The Senate of Canada building and Senate Chamber are pictured in Ottawa on February 18, 2019. CANADIAN PRESS/Sean Kilpatrick

New proposed assisted-dying law is ‘racist,’ says disability rights activist

OTTAWA — Those who support expanding access to medical assistance in dying are doing so because they have not grappled with the consequences of medical racism, a disability activist said Monday before senators began debating the proposed legislation.

“Bill C-7 is anti-working class, racist and ableist,” Sarah Jama of the Disability Justice Network of Ontario told a virtual news conference.

“(The bill) makes it more accessible for people with mental health disabilities to kill themselves as a form of treatment without making mental health supports free.”

The 26-year-old community organizer from Hamilton, Ont., who is Black and uses a wheelchair, says racialized and Indigenous people in Canada who have been killed by the police should have been given mental health and disability-related support.

She said they also suffer deal with racism at hospitals when they seek medical assistance. Joyce Echaquan, a 37-year-old Atikamekw woman, died in a Joliette, Que. hospital last September after she filmed staff making derogatory comments about her.

“I don’t want this in my future,” she said.

Bill C-7 would eliminate the requirement that death be “reasonably foreseeable” to qualify for an assisted death, but it also sets up two eligibility tracks — relaxing some rules for those who are near death and imposing stricter conditions for those who are not.

Jama, who appeared before the Senate legal and constitutional affairs committee that was studying the bill last week, questioned how widely Justice Minister David Lametti and others have consulted when it came to how the bill would affect people with disabilities.

Jama said legislators are listening to assisted-death advocacy groups she describes as predominantly representing wealthier white people, who she argues are pushing for expanded access to the procedure because they are afraid to live with disability.

She said meanwhile, they have been neglecting the voices of people with disabilities who are living in poverty, such as those living in homeless encampments in Hamilton.

“A lot of the people he consulted were upper middle-class white people, doctors and lawyers, and that’s not representative of the disability community,” she said.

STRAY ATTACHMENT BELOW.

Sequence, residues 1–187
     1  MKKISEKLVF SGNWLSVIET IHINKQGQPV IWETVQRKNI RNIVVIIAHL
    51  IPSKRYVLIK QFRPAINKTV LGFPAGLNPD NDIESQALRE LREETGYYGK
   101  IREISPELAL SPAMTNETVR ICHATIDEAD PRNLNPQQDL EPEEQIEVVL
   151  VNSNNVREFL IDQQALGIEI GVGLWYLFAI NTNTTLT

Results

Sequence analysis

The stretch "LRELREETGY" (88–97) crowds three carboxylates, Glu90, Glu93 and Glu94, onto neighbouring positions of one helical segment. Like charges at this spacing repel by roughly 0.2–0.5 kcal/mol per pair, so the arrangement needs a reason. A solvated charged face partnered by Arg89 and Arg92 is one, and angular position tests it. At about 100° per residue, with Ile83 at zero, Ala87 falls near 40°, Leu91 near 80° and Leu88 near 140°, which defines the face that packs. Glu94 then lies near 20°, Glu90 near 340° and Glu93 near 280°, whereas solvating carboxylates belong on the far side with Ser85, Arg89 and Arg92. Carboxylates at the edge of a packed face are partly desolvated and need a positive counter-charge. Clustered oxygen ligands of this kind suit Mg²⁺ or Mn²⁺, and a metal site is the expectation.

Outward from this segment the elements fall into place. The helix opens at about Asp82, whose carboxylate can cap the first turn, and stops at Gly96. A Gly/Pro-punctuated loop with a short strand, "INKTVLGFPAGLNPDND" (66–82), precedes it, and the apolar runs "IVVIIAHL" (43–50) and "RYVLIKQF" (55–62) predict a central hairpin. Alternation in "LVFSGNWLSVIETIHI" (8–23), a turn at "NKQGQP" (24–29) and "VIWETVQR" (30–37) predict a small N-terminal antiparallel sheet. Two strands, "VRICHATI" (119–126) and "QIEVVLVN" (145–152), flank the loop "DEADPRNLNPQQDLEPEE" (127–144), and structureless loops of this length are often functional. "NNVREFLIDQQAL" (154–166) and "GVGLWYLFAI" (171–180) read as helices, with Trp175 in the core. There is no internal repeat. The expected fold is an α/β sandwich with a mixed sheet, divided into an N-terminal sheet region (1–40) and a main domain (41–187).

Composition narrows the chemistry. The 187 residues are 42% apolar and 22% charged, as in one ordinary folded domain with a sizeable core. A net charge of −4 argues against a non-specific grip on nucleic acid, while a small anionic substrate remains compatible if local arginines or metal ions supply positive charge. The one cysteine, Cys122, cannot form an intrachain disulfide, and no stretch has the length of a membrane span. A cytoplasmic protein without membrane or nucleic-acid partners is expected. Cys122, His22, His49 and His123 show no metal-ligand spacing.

The bill before the Senate would also explicitly prohibit the procedure for people suffering solely from mental illnesses, which some senators and constitutional experts believe is a violation of the Charter of Rights and Freedoms.

Jama raised concerns about a possible Senate amendment that would put a “sunset clause” on the exclusion related to mental illness, arguing that this could lead to assisted death being seen as a form of treatment, without making other kinds of treatment free.

Krista Carr, the vice-president of Inclusion Canada, told the news conference Monday that the focus should be on suicide prevention.

“This bill has got to be stopped, or it will end the life of people,” she said.

“It will end the life of … way too many people with disabilities who feel they have no other options.”

A letter from three United Nations watchdogs, including Gerard Quinn, the special rapporteur on the rights of persons with disabilities, sent to the Liberal government last week said C-7 would have a potentially discriminatory impact on persons with disabilities and older people who are not at the end of their lives.

If adopted, the bill will violate the right of persons with disabilities to live that’s protected under the Universal Declaration of Human Rights, the letter said.

It would also “risk reinforcing (even unintentionally), ableist and ageist assumptions about the value or quality of life of persons with disabilities and older people with or without disabilities,” the letter said.

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